That summer I met AB. At the time, a boyfriend was not a remote idea in my mind and yet he showed up often and we enjoyed each other's company enough to make it a priority. We made each other laugh and became best friends. In the beginning he showed up at my apartment with the pretext of seeing his friend from home but he made sure I knew that he was there to see me. Those first few months I dated other people and tried to sabotage this scary, new relationship - tests of sorts in my crazy little mind. I'd hurt people I'd loved before and figured that was just who I am. When I did something stupid and almost had a panic attack on the subway over the fear of losing him I realized what was at stake. Even with that realization, I put him through the ringer to get us to where we are today. I didn't think marriage or long term relationships could work so I fought him every step of the way. At times I was my worst possible self to him, just terrible. I loved him and sometimes I even imagined a beautiful future for us, but in the my heart there were always these thoughts: how can you really trust people? Why put us both through that pain? Why drag it out? He deserved better and I didn't want to end up hurting someone I cared about again - and lets face it, hurt myself at the realization of who I really was.
Despite my pushing, he never left my side. He saw the best version of me even when I showed him the worst. In truth, he saw me better than I saw myself and through that love and reflection I grew, I healed. I told him why I had problems in relationships and above all I learned to accept that I deserved it too - that I could do better, that I could break the cycle. He loved me and I loved him and to let you into how my crazy little brain works - cue Rihanna and Calvin harris's song - ‘we found love in a hopeless place.’ I was hopeless at love, I was damaged and I didn’t want to deal with it because change is hard and it would fall apart anyway - what was the point?
The point is that no one else defines your life. My life is what I make it and if I want to let my parents divorce affect my entire life then I will - and I almost did. I tried to break up with him so many times but he understood what I was saying. He knew I needed time and that I didn’t actually want to end things but that trust was a longer process with me than with 'normal' people.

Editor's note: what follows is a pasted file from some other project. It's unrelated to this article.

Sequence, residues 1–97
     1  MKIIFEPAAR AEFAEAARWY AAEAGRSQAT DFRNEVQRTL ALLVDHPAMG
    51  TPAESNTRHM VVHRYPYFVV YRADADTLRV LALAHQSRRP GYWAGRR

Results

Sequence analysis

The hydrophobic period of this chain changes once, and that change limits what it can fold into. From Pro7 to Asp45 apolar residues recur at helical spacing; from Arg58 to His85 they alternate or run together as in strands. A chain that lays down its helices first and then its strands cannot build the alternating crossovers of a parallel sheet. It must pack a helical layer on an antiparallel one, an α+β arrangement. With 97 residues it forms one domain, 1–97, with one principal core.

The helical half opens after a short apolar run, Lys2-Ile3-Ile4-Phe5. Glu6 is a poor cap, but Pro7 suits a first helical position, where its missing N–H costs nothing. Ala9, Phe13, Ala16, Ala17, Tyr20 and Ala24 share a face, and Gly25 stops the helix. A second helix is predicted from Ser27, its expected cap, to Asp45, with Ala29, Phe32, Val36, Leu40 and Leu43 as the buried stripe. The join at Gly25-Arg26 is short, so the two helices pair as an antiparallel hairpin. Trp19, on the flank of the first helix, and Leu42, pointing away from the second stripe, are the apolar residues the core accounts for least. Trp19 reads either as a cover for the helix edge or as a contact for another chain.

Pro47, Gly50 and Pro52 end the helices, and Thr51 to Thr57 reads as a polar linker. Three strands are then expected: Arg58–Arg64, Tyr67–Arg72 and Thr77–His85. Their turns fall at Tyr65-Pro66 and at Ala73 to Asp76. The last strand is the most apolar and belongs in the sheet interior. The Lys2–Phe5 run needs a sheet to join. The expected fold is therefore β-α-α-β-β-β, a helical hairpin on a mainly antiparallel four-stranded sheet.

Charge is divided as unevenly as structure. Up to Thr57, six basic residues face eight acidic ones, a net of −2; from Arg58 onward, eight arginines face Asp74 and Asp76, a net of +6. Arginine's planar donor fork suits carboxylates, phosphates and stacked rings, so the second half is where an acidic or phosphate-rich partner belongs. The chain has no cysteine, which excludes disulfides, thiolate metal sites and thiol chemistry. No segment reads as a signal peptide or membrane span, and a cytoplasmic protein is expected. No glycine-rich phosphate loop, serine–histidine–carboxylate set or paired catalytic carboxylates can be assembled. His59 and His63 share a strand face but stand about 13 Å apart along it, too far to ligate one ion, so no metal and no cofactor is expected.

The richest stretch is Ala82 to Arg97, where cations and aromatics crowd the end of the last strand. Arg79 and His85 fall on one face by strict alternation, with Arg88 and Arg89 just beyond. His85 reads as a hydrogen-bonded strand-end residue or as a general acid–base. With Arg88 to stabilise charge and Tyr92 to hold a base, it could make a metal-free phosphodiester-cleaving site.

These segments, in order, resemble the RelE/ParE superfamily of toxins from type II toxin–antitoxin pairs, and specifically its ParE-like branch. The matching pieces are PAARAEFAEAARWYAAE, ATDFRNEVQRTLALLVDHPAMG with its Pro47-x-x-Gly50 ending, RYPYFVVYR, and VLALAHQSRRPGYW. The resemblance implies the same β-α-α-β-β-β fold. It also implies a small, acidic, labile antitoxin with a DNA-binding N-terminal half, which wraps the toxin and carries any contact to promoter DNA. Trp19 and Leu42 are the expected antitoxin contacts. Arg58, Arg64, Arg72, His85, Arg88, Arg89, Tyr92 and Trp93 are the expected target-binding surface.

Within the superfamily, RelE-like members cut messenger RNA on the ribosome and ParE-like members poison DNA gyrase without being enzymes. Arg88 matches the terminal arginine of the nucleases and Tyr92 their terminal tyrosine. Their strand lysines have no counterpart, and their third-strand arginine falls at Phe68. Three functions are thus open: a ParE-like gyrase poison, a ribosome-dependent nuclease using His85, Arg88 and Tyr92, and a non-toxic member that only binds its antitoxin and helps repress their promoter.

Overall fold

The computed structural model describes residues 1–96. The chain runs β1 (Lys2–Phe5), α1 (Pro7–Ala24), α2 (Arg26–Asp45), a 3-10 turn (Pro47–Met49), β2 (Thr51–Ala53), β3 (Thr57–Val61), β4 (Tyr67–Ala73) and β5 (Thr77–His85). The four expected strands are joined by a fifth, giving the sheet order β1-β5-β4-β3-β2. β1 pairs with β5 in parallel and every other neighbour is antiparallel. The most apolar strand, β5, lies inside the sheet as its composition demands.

Over the years I decided I wasn’t going to let this anger destroy my life. Because that is what anger does - it destroys you. It encompasses you and prevents life, growth and joy. I wanted no part of it anymore - I was going to forgive my parents for their mistakes and love them just as much as they have always loved me. I was going to grow and evolve and allow myself to experience where things could go with AB but giving it my all, not just half-hearted this-will-never-work attempts. I was going to do everything I could to do better than I had in the past - to not let my past define me.
It was hard and I'm still growing but this September, we hiked a mountain in Acadia and with the most breathtaking view AB asked me to be his panda forever. We cried, we held each other, we laughed, I asked lots of questions. There was no ring just a really beautiful, literal rock. He knew I was ready and more importantly after a family loss I realized that I was ready. I'm still scared of marriage, but love and growth are always worth celebrating...
Despite so many unknowns I know this for sure: ‘I believe in love’ and its power to heal. Love is the answer.